Non-linear effects from variable thermal conductivity and mantle internal heating: Implications for massive melting and secular cooling of the mantle

A. P. Van den Berg, D. A. Yuen, J. R. Allwardt

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Abstract

The temperature-dependence of the phonon portion of the thermal conductivity k(T, P) devised by Hofmeister [Science 283 1699-1706] decreases with temperature, the same as in the dependence of mantle viscosity. Such a functional relationship of ∂k/∂T < 0, when coupled with internal heating would present a situation very conducive for positive feedback action. On the other hand, the photon dependence of the conductivity has a functional relationship of ∂k/∂T > 0. Thus, there can be a tradeoff between the phonon and photon contributions in the conductivity in the presence of internal heating. We have conducted two-dimensional calculations of mantle convection up to a surface Rayleigh number of around five million and an internal heating of chondritic abundance, with the extended-Boussinesq approximation in which the dissipation number has been set to 0.47 and depth-dependent thermal expansivity, decreasing by a factor of 5 across the mantle. The value of the constant mantle viscosity and the amount of internal heating are varied. For an enhanced radiative contribution [J. Geophys. Res. 84 (B4) 1603-1610] the radiative component of the thermal conductivity can exceed the phonon contribution in the upper mantle. Our results show that in all cases with basal heating the average mantle temperature of the variable conductivity models are higher than those of the corresponding constant conductivity models. But the interior thermal difference between the two conductivity models decreases (1) with greater vigor of convection, (2) an increase of internal heating and (3) an increase in the radiative contribution to the conductivity. The interior mantle temperature is significantly hotter, more than 500 °C, than the constant conductivity model, for the k(T, P) model with the less enhanced radiative component [Science 283 1699-1706]. These results would suggest that some sort of massive melting in the young earth might have occured with k(T, P) and that there should not be so much radioactivity in the lower mantle today without incurring the wrath of some melting. We have also studied the effects of k(T, P) on slowing down the mantle secular cooling process by monitoring the gradual decrease in mantle temperature following an imposition of an adiabatic boundary condition at the core-mantle boundary. A decay time of 3.6 Gy has been taken for the mantle radioactivity and we have varied the initial amount of radioactive heating from chondritic value to four times the chondritic value. A significant delay in the cooling process of at least 1-2 Gy is found for a surface Rayleigh number of between 5 × 106 to 5 × 107. The mantle temperature can be heated up by 300-400 °C for initial radiogenic heating value characteristic of the Archean. We find the strongest deviations from the constant conductivity case for a silicate model by Hofmeister [Science 283 1699-1706] and intermediate values for an enhanced radiative conductivity model comparable to the model of Shankland et al. [J. Geophys. Res. 84 (B4) 1603-1610]. Such high mantle temperatures maintained for a long time by variable thermal conductivity would have important consequences on the thermal and petrological evolution of the mantle.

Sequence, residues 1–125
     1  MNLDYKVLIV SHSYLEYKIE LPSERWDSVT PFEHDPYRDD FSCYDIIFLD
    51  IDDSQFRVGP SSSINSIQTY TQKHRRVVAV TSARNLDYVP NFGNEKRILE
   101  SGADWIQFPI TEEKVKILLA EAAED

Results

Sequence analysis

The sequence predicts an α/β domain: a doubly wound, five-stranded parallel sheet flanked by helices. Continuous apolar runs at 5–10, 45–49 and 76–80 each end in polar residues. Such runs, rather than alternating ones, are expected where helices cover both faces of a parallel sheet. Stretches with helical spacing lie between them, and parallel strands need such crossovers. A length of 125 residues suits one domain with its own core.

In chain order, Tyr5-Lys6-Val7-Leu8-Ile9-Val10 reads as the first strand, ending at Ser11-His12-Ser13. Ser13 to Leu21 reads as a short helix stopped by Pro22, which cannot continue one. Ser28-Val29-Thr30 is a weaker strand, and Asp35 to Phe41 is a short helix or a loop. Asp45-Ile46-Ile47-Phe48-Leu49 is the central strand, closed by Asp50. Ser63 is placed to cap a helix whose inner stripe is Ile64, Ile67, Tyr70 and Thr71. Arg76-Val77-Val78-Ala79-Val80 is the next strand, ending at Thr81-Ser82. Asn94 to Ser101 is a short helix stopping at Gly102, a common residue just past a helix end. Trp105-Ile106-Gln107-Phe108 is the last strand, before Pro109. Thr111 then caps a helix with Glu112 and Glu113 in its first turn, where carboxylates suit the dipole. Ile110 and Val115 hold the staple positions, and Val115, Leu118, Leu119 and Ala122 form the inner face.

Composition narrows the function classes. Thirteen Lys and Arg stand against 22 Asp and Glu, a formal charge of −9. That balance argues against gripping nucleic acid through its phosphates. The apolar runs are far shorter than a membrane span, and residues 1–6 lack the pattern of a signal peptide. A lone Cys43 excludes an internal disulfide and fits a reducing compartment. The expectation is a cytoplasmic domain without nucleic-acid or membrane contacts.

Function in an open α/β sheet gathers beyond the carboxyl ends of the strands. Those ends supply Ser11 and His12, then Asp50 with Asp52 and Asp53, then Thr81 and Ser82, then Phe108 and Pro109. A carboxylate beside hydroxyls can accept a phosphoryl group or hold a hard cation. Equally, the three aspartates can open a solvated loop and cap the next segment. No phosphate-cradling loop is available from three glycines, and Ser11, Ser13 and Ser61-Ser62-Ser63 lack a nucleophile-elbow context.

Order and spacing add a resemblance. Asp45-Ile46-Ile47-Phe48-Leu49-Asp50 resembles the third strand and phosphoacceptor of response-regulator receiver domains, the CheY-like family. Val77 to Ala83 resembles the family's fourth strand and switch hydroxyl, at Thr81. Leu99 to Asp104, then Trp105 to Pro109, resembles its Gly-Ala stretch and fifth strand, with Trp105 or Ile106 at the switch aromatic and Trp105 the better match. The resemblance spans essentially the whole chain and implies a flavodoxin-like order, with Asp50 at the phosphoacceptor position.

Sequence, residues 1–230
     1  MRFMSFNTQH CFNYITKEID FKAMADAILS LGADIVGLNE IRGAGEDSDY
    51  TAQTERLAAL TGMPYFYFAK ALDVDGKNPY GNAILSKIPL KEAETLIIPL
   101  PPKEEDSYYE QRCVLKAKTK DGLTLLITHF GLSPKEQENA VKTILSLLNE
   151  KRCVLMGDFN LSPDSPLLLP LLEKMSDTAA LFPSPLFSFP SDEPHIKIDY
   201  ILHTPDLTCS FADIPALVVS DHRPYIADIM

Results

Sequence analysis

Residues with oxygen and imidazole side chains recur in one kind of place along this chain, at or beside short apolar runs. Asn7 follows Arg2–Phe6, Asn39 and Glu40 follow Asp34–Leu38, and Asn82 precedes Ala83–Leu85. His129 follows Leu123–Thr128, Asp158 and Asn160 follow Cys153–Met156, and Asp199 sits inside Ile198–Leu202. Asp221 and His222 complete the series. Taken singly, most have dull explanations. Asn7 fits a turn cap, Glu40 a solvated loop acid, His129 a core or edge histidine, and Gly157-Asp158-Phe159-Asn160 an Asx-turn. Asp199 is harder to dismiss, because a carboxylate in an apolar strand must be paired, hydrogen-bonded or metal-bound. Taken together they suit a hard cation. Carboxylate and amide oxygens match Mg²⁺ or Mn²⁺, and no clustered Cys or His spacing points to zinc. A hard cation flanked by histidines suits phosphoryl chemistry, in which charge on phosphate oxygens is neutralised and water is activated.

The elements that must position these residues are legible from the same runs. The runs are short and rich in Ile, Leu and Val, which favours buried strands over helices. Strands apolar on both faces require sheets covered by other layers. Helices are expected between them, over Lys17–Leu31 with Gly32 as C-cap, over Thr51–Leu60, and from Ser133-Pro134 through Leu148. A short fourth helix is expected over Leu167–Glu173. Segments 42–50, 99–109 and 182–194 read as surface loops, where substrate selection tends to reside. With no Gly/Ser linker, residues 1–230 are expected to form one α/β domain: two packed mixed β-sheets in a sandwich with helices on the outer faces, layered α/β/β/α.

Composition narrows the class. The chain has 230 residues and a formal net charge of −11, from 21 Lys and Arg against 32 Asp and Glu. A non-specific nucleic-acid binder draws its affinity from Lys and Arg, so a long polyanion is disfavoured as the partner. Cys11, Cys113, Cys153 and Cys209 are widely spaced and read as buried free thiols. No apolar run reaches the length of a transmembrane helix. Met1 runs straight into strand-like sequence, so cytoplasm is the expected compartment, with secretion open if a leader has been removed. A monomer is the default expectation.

Original languageEnglish (US)
Pages (from-to)359-375
Number of pages17
JournalPhysics of the Earth and Planetary Interiors
Volume129
Issue number3-4
DOIs
StatePublished - Mar 27 2002

Keywords

  • Mantle convection
  • Secular cooling
  • Thermal conductivity

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